I do the same exact thing with my teenage daughter's hair! Been
doing this for almost 3 years. Her hair looks great. It's past BSL.
She can straighten it and go curly! These days she is going mostly
curly, which makes me very happy!
I use Just for me relaxer mixed with a good deep conditioner with excellent results.
(WARNING: Not recommending that you try this at home! This works for us. It may not work for you.)
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Old 09-24-2005, 04:46 PM   #9
 
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Quote:
Originally Posted by subbrock
i had a nightmare the other night that i texturized my hair and it came out completely straight. weird....
This nightmare actually happened to me thanx to Rusk anti-curl =/
But anyways, I don't really have much advice except for the fact that I regret my relaxer. I realize now that I took my hair for granted and I want it back! But I know it's different for everyone, and all relaxers are different. Just be sure to do LOTS of research.
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Old 09-24-2005, 09:35 PM   #10
 
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I suggest trying the CG routine. You could even start out modified and see how your hair reacts from there. You are already natural, so nourishing your hair should NOT be the *trauma* it was for me. I had to transition (still am) into a hair type I didn't even know.

I would try this...
Try washing your hair with a cheap cone free conditioner ONCE and see what happens. Try Suave Naturals Milk and Honey. Rinse out and then add some more for leave in. After that, put some Aloe Vera either Fruit of the Earth or Lily of the Dessert (healthfood store). Use a small quantity or your hair will look wet for hours. You can even add ONE drop of Olive Oil to the AV.

You could also get a haircut that reduces bulk. Just some suggestions since you already know that a relaxer will damage your hair.
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Old 09-27-2005, 11:25 PM   #11
 
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What kind of haircut can you get to reduce bulk?

I have a similar problem. I have the crown area that does not want to do anything but frizz. I thought about a texturizer. In fact, I had one for a while when I had my hair cut boy short, and it did help to make the curl uniform. I eventually let it grow out because I figured the point of going natural was to get away from the chemicals (and not having to get a touch up every 6 weeks helped my purse too). Believe it or not, the last time I had uniform curl was when I went to my hairdresser, who specializes in natural hair. She combed gel through my hair and put me under a dryer. My hair looked like a curl kit all over, except it was a little dry.

Everyone is different and different things work for different people, but I do agree with those that say you should exhaust the nonchemical resources first. If you aren't careful, you could end up with scalp damage and hair that won't grow back. At least try to find a stylist in your area that specializes in natural hair. Let me stress SPEACIALIZES IN NATURAL HAIR, otherwise, they will tell you that nothing can be done and they will talk you into a relaxer....
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Old 09-28-2005, 07:02 AM   #12
 
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I'm not crazy about some bulk-reducing haircuts. They look good at first and grow out weird. The Ouidad carve and slice type cut where some curls are chopped to make various length layers has worked well for me if the layers aren't too extreme (the last time the ends were thinned more than I wanted) but I am embracing my volume and growing out layers now! (I'll start over when my hair is longer and more natural.)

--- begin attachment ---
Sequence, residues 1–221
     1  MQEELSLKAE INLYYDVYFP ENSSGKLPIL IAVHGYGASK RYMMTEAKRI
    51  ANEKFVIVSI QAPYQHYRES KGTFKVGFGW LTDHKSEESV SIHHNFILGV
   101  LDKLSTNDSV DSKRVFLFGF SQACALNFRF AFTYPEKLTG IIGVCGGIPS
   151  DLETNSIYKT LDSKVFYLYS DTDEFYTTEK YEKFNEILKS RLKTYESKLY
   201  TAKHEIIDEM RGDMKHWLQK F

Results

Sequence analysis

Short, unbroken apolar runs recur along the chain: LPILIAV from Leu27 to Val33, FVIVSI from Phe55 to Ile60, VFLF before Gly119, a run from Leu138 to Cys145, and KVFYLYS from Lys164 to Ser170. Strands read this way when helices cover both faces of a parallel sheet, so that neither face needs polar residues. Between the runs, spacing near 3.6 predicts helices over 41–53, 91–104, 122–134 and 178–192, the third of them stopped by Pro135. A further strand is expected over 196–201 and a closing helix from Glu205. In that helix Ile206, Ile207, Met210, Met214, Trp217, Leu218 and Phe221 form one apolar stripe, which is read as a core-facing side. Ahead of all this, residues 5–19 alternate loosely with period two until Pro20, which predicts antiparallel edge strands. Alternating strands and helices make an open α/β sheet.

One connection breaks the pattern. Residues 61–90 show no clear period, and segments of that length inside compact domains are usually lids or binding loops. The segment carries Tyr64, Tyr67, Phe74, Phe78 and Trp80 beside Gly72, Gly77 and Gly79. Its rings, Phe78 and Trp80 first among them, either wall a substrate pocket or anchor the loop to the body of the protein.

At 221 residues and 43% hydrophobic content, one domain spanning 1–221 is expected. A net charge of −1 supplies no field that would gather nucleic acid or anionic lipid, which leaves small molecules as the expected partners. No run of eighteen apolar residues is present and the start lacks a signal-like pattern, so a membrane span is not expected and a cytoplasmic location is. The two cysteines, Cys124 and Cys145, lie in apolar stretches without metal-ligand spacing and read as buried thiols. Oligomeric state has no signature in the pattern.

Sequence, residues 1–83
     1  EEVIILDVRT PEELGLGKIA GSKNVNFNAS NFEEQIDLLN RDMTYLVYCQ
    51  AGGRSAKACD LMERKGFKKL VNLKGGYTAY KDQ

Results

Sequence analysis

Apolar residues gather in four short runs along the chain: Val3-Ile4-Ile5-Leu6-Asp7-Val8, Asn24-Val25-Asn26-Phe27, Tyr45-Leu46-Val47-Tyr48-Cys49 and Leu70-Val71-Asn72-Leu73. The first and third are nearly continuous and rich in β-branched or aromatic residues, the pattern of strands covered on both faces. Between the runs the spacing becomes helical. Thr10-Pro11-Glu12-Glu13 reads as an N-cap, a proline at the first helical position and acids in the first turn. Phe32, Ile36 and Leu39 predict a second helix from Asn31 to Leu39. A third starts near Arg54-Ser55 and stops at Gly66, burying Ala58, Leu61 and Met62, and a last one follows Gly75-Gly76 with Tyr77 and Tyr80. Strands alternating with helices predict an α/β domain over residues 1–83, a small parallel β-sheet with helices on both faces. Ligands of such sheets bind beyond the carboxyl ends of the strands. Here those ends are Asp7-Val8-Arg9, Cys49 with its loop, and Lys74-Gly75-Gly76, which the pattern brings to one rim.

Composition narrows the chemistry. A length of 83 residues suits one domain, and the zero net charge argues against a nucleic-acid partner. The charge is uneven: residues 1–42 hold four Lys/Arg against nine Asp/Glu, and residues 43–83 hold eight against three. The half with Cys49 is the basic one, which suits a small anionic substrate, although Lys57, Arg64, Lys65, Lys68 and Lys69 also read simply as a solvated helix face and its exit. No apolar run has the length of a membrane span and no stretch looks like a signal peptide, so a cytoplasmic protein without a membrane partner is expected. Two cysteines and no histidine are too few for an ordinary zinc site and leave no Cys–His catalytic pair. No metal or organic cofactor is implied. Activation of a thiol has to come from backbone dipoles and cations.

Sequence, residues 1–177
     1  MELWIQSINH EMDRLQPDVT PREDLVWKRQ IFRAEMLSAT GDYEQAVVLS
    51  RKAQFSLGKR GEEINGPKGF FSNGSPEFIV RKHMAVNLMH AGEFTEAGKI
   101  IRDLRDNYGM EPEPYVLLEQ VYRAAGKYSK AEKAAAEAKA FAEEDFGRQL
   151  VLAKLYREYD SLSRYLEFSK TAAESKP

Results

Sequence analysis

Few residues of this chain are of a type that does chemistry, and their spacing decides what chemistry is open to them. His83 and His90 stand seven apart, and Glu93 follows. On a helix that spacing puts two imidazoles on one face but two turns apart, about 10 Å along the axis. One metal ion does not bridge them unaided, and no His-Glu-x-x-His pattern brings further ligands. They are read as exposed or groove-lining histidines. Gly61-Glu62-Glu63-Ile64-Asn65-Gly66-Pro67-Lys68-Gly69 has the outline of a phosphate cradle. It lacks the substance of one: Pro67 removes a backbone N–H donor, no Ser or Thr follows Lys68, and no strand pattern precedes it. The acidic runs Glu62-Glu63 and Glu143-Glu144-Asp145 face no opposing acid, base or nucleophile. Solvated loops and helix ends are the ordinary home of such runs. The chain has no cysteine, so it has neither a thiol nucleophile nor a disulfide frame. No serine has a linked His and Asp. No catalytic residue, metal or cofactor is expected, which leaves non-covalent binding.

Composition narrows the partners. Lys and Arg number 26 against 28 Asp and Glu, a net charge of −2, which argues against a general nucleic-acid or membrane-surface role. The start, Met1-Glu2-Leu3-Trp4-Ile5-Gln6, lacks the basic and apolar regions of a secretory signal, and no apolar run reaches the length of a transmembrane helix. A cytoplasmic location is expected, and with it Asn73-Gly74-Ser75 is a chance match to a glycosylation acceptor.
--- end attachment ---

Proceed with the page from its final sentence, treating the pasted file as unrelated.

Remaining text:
I think shorter layers in the crown and around the face allow the curls to be bouncier and have a rounder shape and get less stretched out with weight, and then a few layers a couple of inches from the ends of the hair can be nice. It is best if the stylist cuts hair dry and cuts curls individually.
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Old 09-28-2005, 08:28 AM   #13
 
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I'm like Amneris--I don't like bulk reducing haircuts either.

I think a lot of us have a rough patch--I know I have a clump of hair at the point where the top of my skull curves downwards that is woolier and more stubborn than the rest. It was the same section that never grew past a certain length when I was relaxing as well, so it's always been there. I use more conditioner and product on it and it works out fine. There was a curly here who had her rough patch texturized whenever she went in for a haircut, but I don't remember who it was.

I won't do it to mine, only because I don't think I would keep up with the touch ups and I'd rather just try to work with it without using chemicals.
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Old 09-28-2005, 02:53 PM   #14
 
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Been there done that and I've got pictures to prove it!
I would go with long layers.
I agree with Amneris they look very good for about 3-4 months
and then it starts to grow out unevenly.
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Old 10-08-2005, 11:16 AM   #15
 
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I hope that you decided against texturizing. I think it is so much better for your hair to just deal with the curls/waves/textures, all of it, whatever you happen to have.

Of course, texturizing is not the end of the world,and can look really pretty (I sometimes miss my type 2 waves from texturizing). But as many have posted, it can create a vicious cycle that is not exactly good for your hair.
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Old 10-09-2005, 11:13 AM   #16
 
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well what did you decide?